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TitleFabry disease in mice is associated with age-dependent susceptibility to vascular thrombosis
Publication TypeJournal Article
Year of Publication2003
AuthorsEitzman, D. T., Bodary P. F., Shen Y., Khairallah C. G., Wild S. R., Abe A., Shaffer-Hartman J., & Shayman J. A.
JournalJournal of the American Society of Nephrology: JASN
Volume14
Issue2
Pagination298 - 302
Date Published2003/02//
ISBN Number1046-6673
KeywordsAging, Animals, Bone Marrow Transplantation, Carotid Arteries, Carotid Artery Diseases, Disease Susceptibility, Fabry Disease, Mice, Mice, Knockout, Thrombosis, Trihexosylceramides
Abstract

Fabry disease is an X-linked lysosomal storage disorder due to deficiency of alpha-galactosidase A (GLA) activity that results in the widespread accumulation of neutral glycosphingolipids. Renal failure, neuropathy, premature myocardial infarction, and stroke occur in patients with this condition primarily due to deposition of glycosphingolipids in vascular endothelial cells. The clinical consequences of Fabry disease suggest that vascular thrombosis may play a prominent role in the pathogenesis of this disease; however, the vasculopathy associated with Fabry disease has not been extensively studied. To determine if mice genetically deficient in Gla are susceptible to vascular thrombosis, a photochemical carotid injury model was used to induce occlusive thrombosis. In this model, Gla-/0 mice displayed a progressive age-dependent shortening of the time to occlusive thrombosis after vascular injury that correlated with progressive accumulation of globotriasylceramide (Gb3) in the arterial wall. Bone marrow transplantation from Gla-/0 to Gla+/0 mice and from Gla+/0 to Gla-/0 mice did not change the thrombotic phenotype of the host. These studies reveal a potent vascular prothrombotic phenotype in Gla-deficient mice and suggest that antithrombotic therapies as well as therapies designed to reduce the vascular accumulation of Gb3 may have beneficial effects on thrombotic complications in patients with Fabry disease.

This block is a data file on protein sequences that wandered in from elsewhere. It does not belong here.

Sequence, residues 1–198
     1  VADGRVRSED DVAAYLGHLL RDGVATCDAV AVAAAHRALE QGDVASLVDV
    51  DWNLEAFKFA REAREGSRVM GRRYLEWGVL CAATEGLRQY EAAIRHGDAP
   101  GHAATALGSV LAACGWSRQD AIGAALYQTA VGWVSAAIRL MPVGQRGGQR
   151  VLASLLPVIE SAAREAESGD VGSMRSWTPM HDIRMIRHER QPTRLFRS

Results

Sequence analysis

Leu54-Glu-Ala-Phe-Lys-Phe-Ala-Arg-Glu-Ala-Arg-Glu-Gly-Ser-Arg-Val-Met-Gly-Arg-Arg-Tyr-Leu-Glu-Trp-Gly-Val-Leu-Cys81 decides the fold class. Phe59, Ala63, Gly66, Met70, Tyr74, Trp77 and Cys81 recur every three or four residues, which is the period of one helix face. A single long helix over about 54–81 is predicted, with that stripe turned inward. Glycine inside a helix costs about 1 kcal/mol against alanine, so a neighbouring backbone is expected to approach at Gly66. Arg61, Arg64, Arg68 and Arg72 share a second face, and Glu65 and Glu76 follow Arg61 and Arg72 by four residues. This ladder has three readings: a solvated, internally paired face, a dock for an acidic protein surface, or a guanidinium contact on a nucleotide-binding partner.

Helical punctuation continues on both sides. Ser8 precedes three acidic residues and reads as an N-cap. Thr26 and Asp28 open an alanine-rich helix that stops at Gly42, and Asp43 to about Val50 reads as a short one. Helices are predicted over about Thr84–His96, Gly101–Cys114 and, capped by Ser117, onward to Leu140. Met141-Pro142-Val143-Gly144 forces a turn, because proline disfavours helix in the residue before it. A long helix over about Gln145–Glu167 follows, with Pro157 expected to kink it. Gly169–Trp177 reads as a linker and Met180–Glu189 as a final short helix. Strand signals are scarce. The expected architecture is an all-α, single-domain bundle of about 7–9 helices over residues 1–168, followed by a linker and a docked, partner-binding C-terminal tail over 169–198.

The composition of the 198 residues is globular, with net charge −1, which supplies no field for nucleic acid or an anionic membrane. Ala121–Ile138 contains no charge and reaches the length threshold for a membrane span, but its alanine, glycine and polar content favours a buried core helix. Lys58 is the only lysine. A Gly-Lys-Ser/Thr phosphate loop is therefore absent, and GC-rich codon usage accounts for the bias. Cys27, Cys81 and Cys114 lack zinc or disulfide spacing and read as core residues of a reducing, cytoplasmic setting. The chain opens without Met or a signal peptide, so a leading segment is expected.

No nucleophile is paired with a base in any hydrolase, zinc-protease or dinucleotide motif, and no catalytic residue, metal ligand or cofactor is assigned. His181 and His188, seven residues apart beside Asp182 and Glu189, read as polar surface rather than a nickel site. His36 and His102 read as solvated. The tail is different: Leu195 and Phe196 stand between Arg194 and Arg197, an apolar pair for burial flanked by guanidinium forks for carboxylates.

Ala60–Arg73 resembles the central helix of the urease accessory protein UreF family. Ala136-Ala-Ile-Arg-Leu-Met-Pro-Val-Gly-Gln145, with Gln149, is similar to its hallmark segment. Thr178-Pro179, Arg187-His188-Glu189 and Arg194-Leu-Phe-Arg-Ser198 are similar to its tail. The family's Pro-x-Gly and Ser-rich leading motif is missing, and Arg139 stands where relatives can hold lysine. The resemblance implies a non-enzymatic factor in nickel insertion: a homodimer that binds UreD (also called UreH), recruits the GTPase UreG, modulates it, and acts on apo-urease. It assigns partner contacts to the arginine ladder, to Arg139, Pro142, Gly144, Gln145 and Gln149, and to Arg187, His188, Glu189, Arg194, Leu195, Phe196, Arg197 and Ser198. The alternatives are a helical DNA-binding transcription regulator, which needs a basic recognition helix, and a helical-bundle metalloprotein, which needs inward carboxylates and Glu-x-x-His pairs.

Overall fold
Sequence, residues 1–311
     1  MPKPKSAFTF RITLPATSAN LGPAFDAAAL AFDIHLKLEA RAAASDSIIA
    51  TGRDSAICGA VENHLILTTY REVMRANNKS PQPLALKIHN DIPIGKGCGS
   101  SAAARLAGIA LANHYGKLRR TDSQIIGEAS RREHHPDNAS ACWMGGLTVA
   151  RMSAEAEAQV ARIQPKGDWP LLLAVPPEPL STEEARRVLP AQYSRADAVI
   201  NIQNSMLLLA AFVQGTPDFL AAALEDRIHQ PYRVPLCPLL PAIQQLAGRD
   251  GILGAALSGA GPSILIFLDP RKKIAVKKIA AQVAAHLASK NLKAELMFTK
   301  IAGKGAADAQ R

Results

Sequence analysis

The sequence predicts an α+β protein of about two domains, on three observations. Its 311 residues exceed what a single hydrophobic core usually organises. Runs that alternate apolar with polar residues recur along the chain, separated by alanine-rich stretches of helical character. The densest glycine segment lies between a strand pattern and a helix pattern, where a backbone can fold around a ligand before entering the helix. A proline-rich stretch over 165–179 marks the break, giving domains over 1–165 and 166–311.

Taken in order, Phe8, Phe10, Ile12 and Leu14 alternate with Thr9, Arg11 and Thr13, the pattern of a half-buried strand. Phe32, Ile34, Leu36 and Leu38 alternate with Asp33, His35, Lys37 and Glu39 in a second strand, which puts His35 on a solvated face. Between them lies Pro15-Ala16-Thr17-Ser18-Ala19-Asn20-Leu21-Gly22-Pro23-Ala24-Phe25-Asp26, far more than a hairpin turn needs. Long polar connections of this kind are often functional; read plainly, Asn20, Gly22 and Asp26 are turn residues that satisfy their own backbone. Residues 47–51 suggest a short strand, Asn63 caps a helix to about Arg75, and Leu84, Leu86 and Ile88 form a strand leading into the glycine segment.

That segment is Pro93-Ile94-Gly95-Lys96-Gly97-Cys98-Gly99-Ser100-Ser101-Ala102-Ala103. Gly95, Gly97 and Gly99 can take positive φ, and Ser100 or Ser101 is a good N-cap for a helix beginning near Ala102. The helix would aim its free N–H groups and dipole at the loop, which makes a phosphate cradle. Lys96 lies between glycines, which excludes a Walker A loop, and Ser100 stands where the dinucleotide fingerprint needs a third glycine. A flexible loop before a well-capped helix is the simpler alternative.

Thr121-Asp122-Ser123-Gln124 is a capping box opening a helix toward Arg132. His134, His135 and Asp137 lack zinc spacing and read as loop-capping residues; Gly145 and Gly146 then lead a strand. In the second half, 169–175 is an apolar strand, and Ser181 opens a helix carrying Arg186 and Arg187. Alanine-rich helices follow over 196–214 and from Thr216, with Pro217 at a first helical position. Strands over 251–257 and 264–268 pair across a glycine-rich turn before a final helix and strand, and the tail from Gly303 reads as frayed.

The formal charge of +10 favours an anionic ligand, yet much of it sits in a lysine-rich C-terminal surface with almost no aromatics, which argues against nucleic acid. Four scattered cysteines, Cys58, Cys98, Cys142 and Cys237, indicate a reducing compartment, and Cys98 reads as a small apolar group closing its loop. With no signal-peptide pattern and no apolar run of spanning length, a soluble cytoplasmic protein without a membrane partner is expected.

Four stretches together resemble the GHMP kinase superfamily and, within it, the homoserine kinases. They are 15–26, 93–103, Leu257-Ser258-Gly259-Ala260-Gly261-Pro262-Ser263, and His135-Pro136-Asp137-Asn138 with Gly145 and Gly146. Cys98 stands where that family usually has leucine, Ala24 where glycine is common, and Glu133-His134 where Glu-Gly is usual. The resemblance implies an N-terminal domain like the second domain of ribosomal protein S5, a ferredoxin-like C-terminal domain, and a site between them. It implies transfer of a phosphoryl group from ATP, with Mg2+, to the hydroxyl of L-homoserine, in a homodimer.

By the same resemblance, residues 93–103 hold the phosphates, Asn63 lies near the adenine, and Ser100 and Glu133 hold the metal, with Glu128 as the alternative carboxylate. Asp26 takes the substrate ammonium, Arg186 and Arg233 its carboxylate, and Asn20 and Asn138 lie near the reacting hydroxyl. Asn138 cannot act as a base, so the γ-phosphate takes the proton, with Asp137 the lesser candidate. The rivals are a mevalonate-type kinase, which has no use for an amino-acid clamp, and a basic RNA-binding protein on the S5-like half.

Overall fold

URLhttp://www.ncbi.nlm.nih.gov/pubmed/12538729

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